Pineapple plants are easy to grow and will thrive in pots, which means they can be grown indoors in cool climates. Because pineapples take so long to grow--they can take two years to produce fruit--and require a minimum of care, they make attractive "pets" for children who will learn patience as the plants slowly develop.
Pick a ripe pineapple. The skin of a ripe pineapple is brown and its leaves are firm and green. To check if your pineapple is overripe, pull on a leaf. If it comes off easily, then it is too ripe and you should look for another.
Remove the crown. Grab the top set of leaves and twist the crown off the pineapple fruit. If there is any fruit attached to the stalk, remove it or it will rot and kill the plant in the process. Remove several of the smaller, lower leaves to reveal the stem of the pineapple.
Let the crown dry for one week.
Fill a 12-inch pot with a 2-inch layer of stones followed by a mixture of 70 percent fast-draining potting soil (like that used for cacti) and 30 percent slow-release fertilizer and perlite. Let the mixture sit for one week while the pineapple cutting is drying.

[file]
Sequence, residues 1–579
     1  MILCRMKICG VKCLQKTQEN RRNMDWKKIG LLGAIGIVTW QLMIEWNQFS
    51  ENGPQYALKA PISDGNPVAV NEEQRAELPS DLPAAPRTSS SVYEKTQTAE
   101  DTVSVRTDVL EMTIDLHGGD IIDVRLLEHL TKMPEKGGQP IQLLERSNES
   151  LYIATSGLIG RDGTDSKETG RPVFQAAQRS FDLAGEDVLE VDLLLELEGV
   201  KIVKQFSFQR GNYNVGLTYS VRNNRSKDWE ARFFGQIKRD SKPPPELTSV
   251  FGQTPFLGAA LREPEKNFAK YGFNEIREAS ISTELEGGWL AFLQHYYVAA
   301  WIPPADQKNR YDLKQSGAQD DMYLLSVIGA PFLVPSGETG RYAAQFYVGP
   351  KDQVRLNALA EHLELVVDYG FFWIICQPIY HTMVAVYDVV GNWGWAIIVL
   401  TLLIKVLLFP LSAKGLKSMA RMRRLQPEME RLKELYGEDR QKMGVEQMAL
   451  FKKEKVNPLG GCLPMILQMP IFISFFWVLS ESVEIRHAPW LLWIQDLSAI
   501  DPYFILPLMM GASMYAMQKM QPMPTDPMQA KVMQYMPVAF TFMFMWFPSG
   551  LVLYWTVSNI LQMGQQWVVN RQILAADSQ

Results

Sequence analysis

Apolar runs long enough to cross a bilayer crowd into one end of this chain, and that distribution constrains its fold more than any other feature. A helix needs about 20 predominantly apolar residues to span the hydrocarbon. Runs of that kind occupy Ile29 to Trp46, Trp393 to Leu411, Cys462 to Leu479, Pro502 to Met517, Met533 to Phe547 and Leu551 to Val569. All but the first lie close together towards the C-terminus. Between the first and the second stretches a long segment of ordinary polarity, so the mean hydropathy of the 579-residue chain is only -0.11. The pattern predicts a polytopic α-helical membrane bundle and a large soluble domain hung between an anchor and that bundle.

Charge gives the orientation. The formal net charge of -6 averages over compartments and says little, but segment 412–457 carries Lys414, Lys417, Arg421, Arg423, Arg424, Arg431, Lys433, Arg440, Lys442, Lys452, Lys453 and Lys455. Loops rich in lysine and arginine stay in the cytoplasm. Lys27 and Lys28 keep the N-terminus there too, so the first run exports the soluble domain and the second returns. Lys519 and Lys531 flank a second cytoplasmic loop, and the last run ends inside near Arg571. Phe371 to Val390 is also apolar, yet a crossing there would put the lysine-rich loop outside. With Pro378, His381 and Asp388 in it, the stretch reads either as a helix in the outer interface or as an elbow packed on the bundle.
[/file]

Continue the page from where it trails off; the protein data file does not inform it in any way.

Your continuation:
Plant the pineapple cutting up to the base of the leaves. Press the soil firmly around its stem so that the pineapple crown stands straight. Water the soil so that it is moist but not saturated.
Place your potted pineapple plant outside in full sun or dappled shade if the weather is warm. If not, place it near a window. It needs a minimum of six hours of sunlight per day.
Water the soil when needed so that it is neither wet nor dry, but no more than once a week. When watering the plant outside, spray the leaves and wet the soil so that the cups at the bottom of the plant can be filled.
Wait for the cutting to take root. This usually takes from six to eight weeks. Two months after planting your pineapple cutting, gently pull on the crown. If it resists, then it has taken root. If it comes right up, replace it and wait another month. If the roots are rotten, discard it.
Remove the dead leaves. Once your pineapple plant has taken root, the original leaves will turn brown and die and new leaves will grow in the center. Removing them will encourage new leaves to grow.
Wait. It will take about two years for your pineapple to bear fruit, or longer if you're growing it in a colder climate. It will flower in about 18 months and fruit six months after that.
If the leaves develop a reddish-purple tinge, give your plant a diluted dose of a liquid fertilizer like fish emulsion or seaweed extract. Otherwise, it only needs to be fertilized once a month during the growing season. Do not to get any fertilizer on the leaves, as it will burn them.
Pick your pineapple. The fruit is ready when it turns completely yellow.